Germany energy policy also features in many conflicting headlines.  Environmentalists frequently hail its renewable energy program with headlines like, “The Spectacular Success of the German Energiewende, and What Needs To Be Done Next,” while regular news outlets like the New York Times will report, “Germany’s Shift to Green Power Stalls, Despite Huge Investments.”  The same is true for other countries:  Greentechmedia.com says “Spain, Portugal Lead the Way on Renewable Energy Transformation” and later, “Spain Is a Case Study in How Not to Foster Renewables.”  Here, the difference is twofold:  the former is a guest post from 2011, the latter a 2017 article, after problems with the policy had become apparent.  The danger is the causal researcher finding the first article but not the second, which simply reconfirms Tom Nichols argument in The Death of Expertise, that too many people with only a passing familiarity with a subject will write authoritatively based on a quick internet search.    Experts should not make such a mistake.

Ultimately, the split is best illustrated by the disparate attitudes towards renewable power.  Typical of one view is “The Big Green Bang: how renewable energy became unstoppable,” according to the Financial Times, while a writer for Bloomberg says “Wind and Solar Are Crushing Fossil Fuels.”  Alternatively, Ireland’s Independent quotes Fatih Birol of the International Agency saying, “Governments must support renewables … if we leave it to economics, coal will win.”  The salient point is that renewables are very successful thanks to subsidies, meaning withdrawing subsidies would hurt the  business, as several earlier quoted stories described happening in Spain, Germany and elsewhere.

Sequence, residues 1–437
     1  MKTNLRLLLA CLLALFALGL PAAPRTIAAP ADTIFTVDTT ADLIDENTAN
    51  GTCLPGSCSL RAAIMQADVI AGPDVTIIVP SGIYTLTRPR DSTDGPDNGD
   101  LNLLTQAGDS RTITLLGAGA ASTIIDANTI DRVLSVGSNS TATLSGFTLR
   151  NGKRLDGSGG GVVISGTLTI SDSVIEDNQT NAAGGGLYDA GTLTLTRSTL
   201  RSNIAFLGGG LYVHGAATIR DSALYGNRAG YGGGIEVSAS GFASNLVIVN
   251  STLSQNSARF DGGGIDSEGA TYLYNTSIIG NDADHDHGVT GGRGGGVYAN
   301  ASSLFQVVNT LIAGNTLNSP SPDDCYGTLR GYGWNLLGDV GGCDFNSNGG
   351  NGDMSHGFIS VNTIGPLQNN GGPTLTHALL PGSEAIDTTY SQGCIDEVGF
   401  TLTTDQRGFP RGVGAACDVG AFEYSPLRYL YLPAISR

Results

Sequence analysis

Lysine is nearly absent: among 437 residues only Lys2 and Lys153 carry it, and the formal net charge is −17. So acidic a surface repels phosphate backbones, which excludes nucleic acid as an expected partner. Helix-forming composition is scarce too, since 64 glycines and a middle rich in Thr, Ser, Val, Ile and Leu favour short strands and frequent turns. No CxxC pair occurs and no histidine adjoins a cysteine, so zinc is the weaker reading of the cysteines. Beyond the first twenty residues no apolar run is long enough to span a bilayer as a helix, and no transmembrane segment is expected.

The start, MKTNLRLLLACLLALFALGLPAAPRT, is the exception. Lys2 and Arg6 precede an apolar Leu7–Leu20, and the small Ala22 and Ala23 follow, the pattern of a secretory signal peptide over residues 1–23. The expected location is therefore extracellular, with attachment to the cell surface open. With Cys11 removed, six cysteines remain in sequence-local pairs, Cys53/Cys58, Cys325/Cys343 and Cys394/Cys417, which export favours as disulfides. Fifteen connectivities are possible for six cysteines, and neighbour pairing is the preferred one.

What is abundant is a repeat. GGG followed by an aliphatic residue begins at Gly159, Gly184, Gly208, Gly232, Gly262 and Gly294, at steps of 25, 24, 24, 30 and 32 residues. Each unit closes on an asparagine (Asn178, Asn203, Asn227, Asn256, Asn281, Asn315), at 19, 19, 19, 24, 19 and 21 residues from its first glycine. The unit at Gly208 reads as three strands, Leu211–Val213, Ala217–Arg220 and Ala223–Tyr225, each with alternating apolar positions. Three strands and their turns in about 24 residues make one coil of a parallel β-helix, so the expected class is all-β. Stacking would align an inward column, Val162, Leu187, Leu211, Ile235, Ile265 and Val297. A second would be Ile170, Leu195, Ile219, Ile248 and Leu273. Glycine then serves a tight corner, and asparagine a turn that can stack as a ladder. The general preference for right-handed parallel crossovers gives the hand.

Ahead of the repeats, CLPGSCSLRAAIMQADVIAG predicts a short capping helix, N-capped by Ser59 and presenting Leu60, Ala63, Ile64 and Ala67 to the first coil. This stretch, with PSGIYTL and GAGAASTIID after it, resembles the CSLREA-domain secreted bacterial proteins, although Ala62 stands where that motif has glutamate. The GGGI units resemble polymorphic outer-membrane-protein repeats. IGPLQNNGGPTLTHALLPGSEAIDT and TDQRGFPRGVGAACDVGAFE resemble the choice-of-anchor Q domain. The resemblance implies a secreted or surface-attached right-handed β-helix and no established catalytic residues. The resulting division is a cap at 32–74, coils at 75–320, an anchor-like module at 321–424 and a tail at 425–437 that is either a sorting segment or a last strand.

This highlights the difference between real reporting and advocacy:  the former might be biased and mistaken, but they try not to be.  Advocates making posts feel no such compunction and frequently reverse-engineer their analysis:  start with your conclusion, find some links that support them.  This is common in policy discussions and reflects human nature, but does not lead to beneficial outcomes.  Those who claim to be ‘scientific’ in their approach should be particularly aware of this tendency and try to overcome it.  Ultimately, though, it is the reader’s job to be skeptical and open-minded when perusing such articles.  Caveat emptor.

Forbes



One Comment on "Michael Lynch: How To Read Conflicting Energy Headlines"

  1. coffeeguyzz on Mon, 11th Dec 2017 3:32 pm 

    I have been noticing – and commenting upon – exactly this phenomena, namely people seeking confirmation rather than information for some time now.

    Going to ideologically opposing sources (is there any other kind nowadays?), one can get the “warts and all” of a topic, but it can be both time consuming and somewhat tedious.

    FWIW, you folks on this blog who are anti fossil fuel, doomer, staunch renewable advocates, whatever … you may find vary contrarian views both surprising, repugnant and incredible.

    Pretty much what The Other thinks of your collective views.

    Shame, that.